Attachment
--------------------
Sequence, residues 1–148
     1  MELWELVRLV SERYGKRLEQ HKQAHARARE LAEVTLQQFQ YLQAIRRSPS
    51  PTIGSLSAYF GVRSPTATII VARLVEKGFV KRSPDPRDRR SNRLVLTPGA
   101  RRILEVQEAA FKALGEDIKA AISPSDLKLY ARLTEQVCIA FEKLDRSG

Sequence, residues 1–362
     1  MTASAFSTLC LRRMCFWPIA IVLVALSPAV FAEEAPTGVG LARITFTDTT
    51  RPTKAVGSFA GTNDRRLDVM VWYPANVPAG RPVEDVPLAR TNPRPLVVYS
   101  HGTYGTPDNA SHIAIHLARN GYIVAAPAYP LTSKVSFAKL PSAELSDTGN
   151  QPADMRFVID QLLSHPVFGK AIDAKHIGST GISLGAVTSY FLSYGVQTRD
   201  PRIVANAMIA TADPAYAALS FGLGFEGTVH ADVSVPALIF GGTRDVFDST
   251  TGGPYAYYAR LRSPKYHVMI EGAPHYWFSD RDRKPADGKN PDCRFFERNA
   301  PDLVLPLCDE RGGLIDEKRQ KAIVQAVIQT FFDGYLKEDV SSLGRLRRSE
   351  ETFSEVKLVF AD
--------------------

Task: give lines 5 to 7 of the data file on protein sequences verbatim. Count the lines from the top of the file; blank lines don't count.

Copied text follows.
Sequence, residues 1–362
     1  MTASAFSTLC LRRMCFWPIA IVLVALSPAV FAEEAPTGVG LARITFTDTT
    51  RPTKAVGSFA GTNDRRLDVM VWYPANVPAG RPVEDVPLAR TNPRPLVVYS